Keep in mind that communication is vital when striving to achieve your goals!
Before you confirm a target, make sure that it’s achievable. The reason for setting SMART goals is to avoid the disappointment of failing to achieve your business objectives.
This does not mean setting easy targets, as you need to challenge your teams to achieve organizational growth. However, there needs to be a balance, which is why achievability is a crucial element of SMART goals.
Achieving this balance can be tricky. You’ll need to understand your teams’ existing skills and capabilities as well as their growth potential. Utilize business analytics and accounts to conduct in-depth research, or hire a professional for expert help. Once you have the findings, you can set goals that are both formidable and attainable. Building on the previous example, a 20% growth in quarterly revenue is a realistic target; however, if you set a goal of 80% growth, you will likely demoralize your employees before they even set out to achieve it.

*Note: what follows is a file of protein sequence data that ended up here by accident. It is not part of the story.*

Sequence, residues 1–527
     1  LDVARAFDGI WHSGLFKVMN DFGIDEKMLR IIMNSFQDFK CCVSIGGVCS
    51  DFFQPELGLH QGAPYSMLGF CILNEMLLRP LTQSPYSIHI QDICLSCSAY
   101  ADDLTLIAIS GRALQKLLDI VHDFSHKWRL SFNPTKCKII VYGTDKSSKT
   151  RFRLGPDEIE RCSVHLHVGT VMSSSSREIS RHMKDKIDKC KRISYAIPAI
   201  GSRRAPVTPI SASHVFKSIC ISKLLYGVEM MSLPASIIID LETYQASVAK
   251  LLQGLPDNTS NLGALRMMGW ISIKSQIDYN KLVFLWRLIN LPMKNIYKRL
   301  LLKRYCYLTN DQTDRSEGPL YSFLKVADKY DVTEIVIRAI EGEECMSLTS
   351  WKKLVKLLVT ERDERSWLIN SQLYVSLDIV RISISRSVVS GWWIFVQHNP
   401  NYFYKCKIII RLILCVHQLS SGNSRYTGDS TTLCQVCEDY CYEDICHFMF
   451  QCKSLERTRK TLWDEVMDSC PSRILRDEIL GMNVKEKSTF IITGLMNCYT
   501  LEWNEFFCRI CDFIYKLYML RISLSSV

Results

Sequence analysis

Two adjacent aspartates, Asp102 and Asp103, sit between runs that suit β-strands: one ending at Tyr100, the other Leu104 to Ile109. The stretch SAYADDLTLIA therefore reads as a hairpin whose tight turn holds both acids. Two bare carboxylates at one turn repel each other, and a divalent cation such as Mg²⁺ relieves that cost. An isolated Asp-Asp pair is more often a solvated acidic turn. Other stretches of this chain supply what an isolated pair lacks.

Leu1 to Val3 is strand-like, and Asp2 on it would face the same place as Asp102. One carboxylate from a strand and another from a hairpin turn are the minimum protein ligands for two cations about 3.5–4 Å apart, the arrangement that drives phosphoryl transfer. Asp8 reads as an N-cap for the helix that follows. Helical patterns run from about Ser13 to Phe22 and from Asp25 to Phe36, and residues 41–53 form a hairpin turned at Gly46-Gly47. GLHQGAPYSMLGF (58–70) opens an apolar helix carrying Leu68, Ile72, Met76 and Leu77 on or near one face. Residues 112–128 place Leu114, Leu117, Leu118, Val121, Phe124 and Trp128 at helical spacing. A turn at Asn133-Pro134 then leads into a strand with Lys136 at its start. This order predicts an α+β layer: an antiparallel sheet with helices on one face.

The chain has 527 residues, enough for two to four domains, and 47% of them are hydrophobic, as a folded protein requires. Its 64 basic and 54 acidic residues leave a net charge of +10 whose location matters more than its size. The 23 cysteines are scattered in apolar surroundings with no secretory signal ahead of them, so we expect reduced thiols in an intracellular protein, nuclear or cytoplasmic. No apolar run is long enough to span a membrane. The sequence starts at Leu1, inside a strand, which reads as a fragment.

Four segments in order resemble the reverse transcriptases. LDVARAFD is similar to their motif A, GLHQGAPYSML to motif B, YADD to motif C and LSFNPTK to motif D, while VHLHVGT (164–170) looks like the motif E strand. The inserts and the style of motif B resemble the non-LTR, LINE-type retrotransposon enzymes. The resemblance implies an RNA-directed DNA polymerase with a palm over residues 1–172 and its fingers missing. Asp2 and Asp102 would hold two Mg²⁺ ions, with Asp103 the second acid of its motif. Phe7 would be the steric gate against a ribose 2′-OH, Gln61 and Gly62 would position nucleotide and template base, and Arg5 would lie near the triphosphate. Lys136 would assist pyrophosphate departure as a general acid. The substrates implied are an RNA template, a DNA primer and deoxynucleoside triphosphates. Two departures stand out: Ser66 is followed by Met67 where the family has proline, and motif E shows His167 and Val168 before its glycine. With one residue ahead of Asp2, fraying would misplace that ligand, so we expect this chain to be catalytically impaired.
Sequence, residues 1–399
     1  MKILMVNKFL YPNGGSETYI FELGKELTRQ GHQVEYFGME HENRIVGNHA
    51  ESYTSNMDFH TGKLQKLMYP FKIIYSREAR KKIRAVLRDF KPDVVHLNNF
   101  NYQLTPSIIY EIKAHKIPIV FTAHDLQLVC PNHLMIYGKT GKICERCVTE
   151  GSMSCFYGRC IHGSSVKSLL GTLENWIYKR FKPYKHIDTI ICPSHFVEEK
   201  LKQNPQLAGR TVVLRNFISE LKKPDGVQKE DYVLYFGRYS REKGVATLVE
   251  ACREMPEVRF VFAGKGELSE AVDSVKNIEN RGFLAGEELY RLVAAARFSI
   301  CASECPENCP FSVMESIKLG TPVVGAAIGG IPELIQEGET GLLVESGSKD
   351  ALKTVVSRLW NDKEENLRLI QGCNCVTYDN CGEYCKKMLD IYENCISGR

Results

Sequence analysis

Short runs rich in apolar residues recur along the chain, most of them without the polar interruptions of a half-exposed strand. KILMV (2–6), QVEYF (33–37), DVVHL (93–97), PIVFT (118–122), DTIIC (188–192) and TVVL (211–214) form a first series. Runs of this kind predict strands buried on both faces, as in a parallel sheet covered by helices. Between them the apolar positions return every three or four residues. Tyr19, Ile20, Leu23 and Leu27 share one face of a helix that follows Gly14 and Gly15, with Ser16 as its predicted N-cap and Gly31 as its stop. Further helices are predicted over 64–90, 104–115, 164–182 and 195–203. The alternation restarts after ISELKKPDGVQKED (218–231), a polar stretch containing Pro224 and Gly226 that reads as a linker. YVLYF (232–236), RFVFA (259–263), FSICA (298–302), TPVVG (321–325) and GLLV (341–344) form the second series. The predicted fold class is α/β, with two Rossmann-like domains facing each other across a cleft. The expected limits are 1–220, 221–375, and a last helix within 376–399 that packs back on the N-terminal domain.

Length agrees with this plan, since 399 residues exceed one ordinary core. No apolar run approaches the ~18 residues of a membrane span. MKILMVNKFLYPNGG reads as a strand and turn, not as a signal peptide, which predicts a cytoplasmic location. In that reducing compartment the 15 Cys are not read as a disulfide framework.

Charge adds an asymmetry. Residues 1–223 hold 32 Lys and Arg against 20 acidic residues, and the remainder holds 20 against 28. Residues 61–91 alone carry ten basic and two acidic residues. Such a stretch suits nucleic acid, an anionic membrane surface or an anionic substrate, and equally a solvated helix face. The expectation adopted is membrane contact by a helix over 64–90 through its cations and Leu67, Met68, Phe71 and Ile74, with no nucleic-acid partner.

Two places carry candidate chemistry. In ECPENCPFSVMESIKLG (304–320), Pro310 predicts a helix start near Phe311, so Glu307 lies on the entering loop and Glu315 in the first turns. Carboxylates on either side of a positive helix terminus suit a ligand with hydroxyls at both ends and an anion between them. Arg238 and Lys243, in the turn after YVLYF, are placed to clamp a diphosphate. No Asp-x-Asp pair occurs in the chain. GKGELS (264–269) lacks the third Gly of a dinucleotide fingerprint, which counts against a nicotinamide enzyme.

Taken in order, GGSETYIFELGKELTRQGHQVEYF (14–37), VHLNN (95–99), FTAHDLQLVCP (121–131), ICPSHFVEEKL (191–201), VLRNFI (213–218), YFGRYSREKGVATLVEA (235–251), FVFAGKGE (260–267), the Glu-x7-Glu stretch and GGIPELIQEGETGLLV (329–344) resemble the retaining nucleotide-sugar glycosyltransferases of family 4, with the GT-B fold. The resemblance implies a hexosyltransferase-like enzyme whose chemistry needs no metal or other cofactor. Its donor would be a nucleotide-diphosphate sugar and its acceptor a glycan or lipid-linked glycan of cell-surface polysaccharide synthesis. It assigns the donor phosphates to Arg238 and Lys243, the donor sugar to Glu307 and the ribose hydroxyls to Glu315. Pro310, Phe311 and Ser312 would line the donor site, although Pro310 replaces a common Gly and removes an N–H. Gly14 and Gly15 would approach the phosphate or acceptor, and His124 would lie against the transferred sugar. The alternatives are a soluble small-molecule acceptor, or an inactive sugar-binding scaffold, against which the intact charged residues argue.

Creating a business is like embarking on a journey. If you don’t want to get lost, you should regularly check your compass to make sure you’re moving in the direction you want.
Making sure your goals are relevant to the overarching organizational objectives is another important aspect of SMART goals. If your plans are relevant, you’ll continue to progress toward your intended destination. However, if your plans are irrelevant, you run the risk of losing your bearings, resulting in inefficiency and revenue loss. For example, if your business has a short-term liquidity problem because of a low receivables turnover, a relevant plan would be to apply for invoice factoring.